It can be seen from the above description that the backlight 22 of FIG. 9 is a polarising backlight—the light extracted from the waveguide contains only one polarisation state. (In the specific embodiment shown in FIG. 9 only the p-polarisation state is extracted from the waveguide.) As a result, the lower polariser 33 of the image display device of FIG. 3 is not required. This further allows the lower substrate 25 of the image display device also to be omitted, with the waveguide 26 serving as the lower substrate of the image display device.

Regions of the exit face of the waveguide 26 where it is desired that no light is extracted from the waveguide are coated with a material 29 having a refractive index lower than the refractive index of the waveguide for light of both polarisations. The material 29 may conveniently be an optically isotropic material having a refractive index lower than the refractive index of the waveguide 26.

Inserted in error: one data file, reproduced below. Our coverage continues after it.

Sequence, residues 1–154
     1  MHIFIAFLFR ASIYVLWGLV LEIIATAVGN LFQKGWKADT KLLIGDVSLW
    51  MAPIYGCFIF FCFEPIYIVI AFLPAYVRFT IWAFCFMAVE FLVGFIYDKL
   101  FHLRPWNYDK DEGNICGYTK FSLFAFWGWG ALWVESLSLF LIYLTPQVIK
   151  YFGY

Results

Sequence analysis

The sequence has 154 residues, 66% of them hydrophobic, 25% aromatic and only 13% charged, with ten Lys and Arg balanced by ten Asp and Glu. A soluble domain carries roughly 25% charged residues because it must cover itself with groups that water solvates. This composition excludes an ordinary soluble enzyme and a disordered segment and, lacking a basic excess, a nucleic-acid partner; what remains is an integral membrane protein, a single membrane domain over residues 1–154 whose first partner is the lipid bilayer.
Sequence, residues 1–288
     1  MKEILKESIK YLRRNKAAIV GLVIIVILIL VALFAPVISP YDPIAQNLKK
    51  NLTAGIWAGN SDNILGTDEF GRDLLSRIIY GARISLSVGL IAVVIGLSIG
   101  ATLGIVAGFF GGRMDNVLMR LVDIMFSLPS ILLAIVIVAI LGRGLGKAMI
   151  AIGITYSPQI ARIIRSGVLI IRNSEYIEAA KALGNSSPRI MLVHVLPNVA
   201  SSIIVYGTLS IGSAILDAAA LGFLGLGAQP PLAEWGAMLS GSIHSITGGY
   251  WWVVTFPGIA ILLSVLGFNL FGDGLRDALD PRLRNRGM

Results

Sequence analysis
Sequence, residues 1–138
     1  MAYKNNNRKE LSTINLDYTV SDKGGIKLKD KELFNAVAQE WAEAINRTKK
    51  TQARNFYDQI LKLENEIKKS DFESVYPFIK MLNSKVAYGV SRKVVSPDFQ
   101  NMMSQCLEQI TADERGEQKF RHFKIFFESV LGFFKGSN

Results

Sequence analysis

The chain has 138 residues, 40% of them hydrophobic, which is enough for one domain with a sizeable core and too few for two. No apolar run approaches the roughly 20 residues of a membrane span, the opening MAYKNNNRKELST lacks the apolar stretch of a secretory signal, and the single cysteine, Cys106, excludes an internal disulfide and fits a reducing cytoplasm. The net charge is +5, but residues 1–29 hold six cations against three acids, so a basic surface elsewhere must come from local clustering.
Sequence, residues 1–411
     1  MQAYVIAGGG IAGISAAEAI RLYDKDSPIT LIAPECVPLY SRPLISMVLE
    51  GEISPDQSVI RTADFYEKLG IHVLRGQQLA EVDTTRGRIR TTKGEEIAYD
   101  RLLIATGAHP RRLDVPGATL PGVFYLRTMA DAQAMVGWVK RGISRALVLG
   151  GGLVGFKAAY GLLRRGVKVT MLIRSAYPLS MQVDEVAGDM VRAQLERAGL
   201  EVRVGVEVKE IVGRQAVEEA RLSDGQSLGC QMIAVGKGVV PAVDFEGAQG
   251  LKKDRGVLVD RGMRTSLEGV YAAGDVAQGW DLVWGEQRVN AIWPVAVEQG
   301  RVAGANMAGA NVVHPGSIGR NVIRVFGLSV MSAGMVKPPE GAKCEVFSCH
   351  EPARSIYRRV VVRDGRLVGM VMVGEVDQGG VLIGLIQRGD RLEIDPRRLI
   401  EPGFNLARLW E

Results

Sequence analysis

FIG. 9 illustrates a display in which the waveguide 26 has a refractive index n=1.59. The birefringent material 41 has an ordinary refractive index no=1.4, and has an extraordinary refractive index ne=1.59. As a result, s-polarised light undergoes total internal reflection at the interface between the waveguide and the birefringent material, whereas p polarised light is not totally internally reflected at the boundary between the waveguide and the birefringent material but is extracted from the waveguide. The low refractive index material 29 provided where it is desired to extract no light from the waveguide is an optically isotropic material with a refractive index n=1.4.